Research Papers on the Characters in The Sun Also Rises
How do you start a The Sun Also Rises Characters research paper? Our expert writers suggest like this:
Collectively, the characters in The Sun Also Rises all seem to reflect a sense of feeling incomplete or having suffered some kind of trauma that leaves them psychologically damaged.
- Jake is the most obvious example of this; he has been left physically incapacitated by World War I.
- Cohn’s violent tendencies also reflect his sense of inadequacy as an individual who didn’t go to war, and a Jew.
- Virtually all of the characters seem to abuse alcohol, which can be seen as a way to cope with the feelings of alienation and inadequacy that they all seem to share; through much of the novel, the characters can only truly express their pain, and often their true feelings toward each other, when they are drunk.
All of this is further illustrated through the obsession with sex and the way that the characters use it to hurt each other rather than to find the intimacy they desire. Despite his own sexual problems, Jake still longs for Brett, who seems to love him but cannot commit for that very reason; this seems to cause both of them deep unhappiness. Brett’s many affairs also lead the men into conflict with each other, including Cohn’s enraged behavior in Pamplona. Through these kinds of behaviors, the men ensure that they will never be able to share deep enough of themselves to forge a true connection with one another, which serves to add to the loneliness and emotional despair that permeates the entire group.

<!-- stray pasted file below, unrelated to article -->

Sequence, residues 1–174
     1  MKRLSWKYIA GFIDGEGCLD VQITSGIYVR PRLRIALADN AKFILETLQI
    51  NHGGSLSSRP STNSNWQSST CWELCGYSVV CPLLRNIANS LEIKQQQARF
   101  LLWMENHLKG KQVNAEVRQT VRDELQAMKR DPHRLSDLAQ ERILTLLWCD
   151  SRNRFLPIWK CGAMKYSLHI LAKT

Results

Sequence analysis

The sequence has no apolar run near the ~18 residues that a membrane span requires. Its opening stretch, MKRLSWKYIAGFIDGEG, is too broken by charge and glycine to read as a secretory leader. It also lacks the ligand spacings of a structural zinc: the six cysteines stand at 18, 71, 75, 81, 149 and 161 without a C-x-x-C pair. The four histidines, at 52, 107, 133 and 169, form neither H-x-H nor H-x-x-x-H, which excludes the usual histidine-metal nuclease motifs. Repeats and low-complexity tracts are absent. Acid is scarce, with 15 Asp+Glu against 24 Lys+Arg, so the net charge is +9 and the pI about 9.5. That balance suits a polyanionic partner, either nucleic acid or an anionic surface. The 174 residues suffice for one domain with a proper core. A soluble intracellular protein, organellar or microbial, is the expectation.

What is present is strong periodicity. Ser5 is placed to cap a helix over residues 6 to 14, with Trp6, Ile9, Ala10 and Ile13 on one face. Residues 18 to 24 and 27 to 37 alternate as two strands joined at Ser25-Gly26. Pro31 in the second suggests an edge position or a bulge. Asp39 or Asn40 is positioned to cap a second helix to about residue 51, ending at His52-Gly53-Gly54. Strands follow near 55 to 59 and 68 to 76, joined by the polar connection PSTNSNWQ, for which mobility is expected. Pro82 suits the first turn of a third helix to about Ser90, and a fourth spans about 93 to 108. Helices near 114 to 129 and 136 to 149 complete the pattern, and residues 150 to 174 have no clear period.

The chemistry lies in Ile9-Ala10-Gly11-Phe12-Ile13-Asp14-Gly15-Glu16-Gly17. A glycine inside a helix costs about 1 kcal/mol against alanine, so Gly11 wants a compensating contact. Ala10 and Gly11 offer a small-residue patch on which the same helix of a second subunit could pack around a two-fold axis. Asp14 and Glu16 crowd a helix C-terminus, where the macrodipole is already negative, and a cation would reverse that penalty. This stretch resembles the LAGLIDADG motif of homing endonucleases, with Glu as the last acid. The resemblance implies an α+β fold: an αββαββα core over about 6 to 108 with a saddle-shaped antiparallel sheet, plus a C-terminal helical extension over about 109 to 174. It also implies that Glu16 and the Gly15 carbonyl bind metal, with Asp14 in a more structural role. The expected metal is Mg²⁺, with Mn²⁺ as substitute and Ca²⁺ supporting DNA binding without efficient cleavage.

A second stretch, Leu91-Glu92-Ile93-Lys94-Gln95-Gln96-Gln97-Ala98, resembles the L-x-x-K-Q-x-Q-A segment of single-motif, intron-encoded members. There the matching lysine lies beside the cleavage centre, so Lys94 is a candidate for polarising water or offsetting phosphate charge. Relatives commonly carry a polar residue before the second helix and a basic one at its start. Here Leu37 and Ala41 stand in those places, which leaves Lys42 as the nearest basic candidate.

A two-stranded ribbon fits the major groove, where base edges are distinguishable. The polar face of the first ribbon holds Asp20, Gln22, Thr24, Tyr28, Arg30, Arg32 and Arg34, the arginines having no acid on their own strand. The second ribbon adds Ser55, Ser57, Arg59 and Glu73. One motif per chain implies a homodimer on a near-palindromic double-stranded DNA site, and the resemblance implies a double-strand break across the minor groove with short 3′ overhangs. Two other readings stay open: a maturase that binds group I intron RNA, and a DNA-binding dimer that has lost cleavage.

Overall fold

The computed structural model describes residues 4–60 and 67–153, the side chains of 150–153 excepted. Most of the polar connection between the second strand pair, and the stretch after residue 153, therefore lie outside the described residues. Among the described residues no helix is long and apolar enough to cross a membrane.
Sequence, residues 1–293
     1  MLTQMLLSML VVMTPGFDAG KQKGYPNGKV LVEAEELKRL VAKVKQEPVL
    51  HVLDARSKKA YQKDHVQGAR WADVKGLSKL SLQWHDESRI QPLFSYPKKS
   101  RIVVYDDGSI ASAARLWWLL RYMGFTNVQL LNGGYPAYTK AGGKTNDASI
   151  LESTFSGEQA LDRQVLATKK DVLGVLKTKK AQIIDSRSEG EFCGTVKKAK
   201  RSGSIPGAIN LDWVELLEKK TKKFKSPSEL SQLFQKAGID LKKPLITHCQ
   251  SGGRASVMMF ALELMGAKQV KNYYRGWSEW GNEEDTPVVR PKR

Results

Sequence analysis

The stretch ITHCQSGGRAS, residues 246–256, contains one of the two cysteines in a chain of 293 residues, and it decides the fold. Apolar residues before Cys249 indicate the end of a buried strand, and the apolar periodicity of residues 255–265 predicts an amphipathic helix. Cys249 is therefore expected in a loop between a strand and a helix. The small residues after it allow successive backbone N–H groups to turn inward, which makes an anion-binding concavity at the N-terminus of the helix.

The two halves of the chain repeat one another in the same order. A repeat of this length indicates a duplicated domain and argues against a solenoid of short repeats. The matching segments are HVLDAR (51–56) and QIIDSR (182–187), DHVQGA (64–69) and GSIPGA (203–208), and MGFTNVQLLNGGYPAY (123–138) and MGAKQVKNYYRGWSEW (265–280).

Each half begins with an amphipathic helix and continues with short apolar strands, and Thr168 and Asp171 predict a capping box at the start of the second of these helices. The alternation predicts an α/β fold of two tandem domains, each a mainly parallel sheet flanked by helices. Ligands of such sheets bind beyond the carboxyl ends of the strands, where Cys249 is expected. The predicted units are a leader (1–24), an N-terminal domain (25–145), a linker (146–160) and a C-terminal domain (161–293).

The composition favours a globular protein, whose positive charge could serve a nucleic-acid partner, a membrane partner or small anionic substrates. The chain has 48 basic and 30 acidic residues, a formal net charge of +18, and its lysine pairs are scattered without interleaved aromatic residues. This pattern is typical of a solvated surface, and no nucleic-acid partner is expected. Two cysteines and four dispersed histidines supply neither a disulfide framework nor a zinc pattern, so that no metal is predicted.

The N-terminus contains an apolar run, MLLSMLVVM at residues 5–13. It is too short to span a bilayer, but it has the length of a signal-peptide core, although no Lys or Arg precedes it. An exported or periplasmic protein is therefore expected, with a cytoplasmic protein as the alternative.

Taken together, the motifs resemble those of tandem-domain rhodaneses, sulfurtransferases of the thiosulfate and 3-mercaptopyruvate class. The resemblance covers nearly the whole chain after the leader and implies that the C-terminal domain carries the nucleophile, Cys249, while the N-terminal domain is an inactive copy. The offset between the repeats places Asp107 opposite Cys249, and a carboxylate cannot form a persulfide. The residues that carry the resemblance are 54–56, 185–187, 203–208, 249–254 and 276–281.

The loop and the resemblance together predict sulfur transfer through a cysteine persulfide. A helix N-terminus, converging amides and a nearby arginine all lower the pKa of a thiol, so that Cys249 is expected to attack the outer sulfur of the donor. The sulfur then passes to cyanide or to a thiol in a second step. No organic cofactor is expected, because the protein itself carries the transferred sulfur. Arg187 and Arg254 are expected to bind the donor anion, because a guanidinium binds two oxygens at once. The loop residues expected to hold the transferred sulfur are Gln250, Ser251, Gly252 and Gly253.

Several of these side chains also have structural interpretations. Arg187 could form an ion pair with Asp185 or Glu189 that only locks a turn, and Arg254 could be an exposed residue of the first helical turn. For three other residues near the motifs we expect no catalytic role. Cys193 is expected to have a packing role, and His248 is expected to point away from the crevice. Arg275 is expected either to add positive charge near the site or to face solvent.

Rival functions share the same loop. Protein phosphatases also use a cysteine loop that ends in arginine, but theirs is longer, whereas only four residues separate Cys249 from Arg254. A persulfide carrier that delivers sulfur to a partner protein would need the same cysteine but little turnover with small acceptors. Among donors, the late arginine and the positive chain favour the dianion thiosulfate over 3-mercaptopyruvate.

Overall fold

The men and women of the novel reflect the American treachery and have little redeeming qualities. The Sun Also Rises is not a novel that illustrates exemplary male/female relationships, but rather illuminates an era lost faith in humanity in the light of post-war societies. Brett engaged in promiscuity and Robert Cohn had an affair with Frances Clyne. The women of the novel were stepping into societies new role for women as the liberated female. Sexuality was just being introduced to society on the screen and the divorce rate had just hit the one million mark in America at the time the novel was published. The character of Jake Barnes is used to illustrate a portion of society that was uncomfortable with this new dynamic between men and women. To Jake and Mike Campbell, Brett Ashley is considered a casualty of war and the society that war produced. In Hemingway's world, war was the loss of innocents for men and women, and himself.
This cynicism is very indicative of Hemingway, especially in his later years. When people liked his work, he liked people. However, discourse created enmity. F. Scott Fitzgerald sent Hemingway a 10-page critique of A Farewell to Arms and Hemingway's answer was "Kiss my ass.".Hemingway’s other characters, Bill Gorton, and Count Mippipopolous, refused to change their behavior and give meaning to their to useless lives, while Jake Barnes attempts to lead an honorable life. Jake’s moral desires take him on a journey to Burguete and Pamplona to find lost values. Jake states; "I was a little ashamed, and regretted that I was such a rotten Catholic, but realized there was nothing I could do about it, at least for a while...I only wished I felt religious and maybe I would the next time." as he ponders his separation from God.